Wools of the UK: Shetland

Wools of the UK: Shetland
Lara Pollard-Jones

Shetland is one of the most popular UK wools due to its softness, versatility and natural shades.  It might also have something to do with the characterful, colourful sheep themselves!

Shetlands come in 11 different colours and have 30 different markings and patterns!  Some are more common than others, and we carry the shades that are most readily available; white, moorit (brown), black and grey.

Staple Length

Micron Count
39 – 21mic

Country of Origin
The Shetland Isles, Scotland

This breed is one of the smallest of the UK breeds and thought to be descended from Iron Age short-tailed sheep.  It’s hard to believe but in the 1970’s the Shetland sheep was considered as endangered by the RBST which meant the breed was at risk of becoming extinct.  The majority of the breed was maintained on the Shetland Islands where the wool was used.  As effort was made to bring the breed back it became popular with hand spinners for its fleece as well as with smallholders as the smaller sheep were easier to handle than the larger and heavier breeds.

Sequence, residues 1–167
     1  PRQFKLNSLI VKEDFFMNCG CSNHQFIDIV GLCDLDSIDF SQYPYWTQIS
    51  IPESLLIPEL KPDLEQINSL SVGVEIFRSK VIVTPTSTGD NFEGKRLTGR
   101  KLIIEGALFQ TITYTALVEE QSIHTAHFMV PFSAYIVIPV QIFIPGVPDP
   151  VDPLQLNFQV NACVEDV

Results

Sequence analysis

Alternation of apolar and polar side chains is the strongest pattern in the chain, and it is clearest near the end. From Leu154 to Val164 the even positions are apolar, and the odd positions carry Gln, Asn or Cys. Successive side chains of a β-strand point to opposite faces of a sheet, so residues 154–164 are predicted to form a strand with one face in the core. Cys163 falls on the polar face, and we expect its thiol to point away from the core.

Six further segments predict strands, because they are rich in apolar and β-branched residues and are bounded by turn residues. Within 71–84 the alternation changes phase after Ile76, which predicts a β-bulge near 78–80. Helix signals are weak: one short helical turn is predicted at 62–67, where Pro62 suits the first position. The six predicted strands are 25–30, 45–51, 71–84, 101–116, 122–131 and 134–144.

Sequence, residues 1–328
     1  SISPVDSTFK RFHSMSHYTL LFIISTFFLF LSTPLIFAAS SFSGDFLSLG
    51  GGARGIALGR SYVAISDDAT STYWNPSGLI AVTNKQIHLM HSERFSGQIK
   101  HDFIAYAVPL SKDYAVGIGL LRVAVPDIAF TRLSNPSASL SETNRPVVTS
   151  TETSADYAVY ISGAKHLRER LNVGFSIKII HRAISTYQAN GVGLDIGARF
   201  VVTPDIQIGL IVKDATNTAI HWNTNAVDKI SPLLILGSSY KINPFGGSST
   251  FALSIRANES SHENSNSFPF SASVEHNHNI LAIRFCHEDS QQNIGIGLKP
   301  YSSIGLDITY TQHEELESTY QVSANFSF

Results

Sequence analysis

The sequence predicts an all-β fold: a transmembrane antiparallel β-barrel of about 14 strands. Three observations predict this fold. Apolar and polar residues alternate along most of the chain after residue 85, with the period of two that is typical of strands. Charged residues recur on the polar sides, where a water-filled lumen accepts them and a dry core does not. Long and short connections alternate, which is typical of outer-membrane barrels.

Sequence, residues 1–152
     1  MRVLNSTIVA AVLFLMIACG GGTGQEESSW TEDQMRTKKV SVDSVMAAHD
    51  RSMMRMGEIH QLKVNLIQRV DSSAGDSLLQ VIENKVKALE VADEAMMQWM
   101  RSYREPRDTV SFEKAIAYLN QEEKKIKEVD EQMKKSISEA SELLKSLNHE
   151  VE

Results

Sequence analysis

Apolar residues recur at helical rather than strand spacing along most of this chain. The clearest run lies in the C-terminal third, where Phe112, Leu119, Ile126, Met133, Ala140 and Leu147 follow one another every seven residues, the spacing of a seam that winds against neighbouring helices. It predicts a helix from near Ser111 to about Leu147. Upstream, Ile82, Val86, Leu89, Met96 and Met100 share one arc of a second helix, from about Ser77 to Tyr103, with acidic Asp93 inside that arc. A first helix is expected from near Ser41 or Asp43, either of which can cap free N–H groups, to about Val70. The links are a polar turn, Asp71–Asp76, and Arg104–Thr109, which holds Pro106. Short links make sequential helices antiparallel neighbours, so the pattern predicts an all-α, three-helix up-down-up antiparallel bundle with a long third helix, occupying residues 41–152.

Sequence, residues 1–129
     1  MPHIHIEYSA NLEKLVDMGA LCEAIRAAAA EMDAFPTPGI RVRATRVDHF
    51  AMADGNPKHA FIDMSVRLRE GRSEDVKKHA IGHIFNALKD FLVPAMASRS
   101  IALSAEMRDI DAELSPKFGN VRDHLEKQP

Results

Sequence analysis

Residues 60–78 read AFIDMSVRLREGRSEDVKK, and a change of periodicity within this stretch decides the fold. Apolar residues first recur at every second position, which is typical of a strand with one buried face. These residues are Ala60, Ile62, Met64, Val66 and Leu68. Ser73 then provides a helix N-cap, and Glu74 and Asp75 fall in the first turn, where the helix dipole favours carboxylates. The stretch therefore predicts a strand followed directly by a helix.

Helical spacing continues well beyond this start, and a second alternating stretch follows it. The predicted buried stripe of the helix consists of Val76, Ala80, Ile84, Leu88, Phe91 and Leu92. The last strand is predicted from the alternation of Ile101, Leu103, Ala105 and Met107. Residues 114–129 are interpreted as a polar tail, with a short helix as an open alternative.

This fibre is highly versatile, with the finer fleeces being used to make cobweb weight yarns for heritage projects such as Shetland lace shawls.  It is a wonderfully bouncy spinning fibre which takes dye well.  The natural shades make it perfect for Fair Isle projects in undyed colours, too.  It felts well and is often used for both needle and wet felting projects.  Shetland is one of the softest native fibres that the UK has to offer.

Did you know… Shetland wool produced on Shetland is classified as ‘Native Shetland Wool’ which means fibre with this title has protected geographical status.  A bit like the Cornish pasty!  It is the only wool with this designation.

If you fancy trying Shetland we've got you covered!

Related posts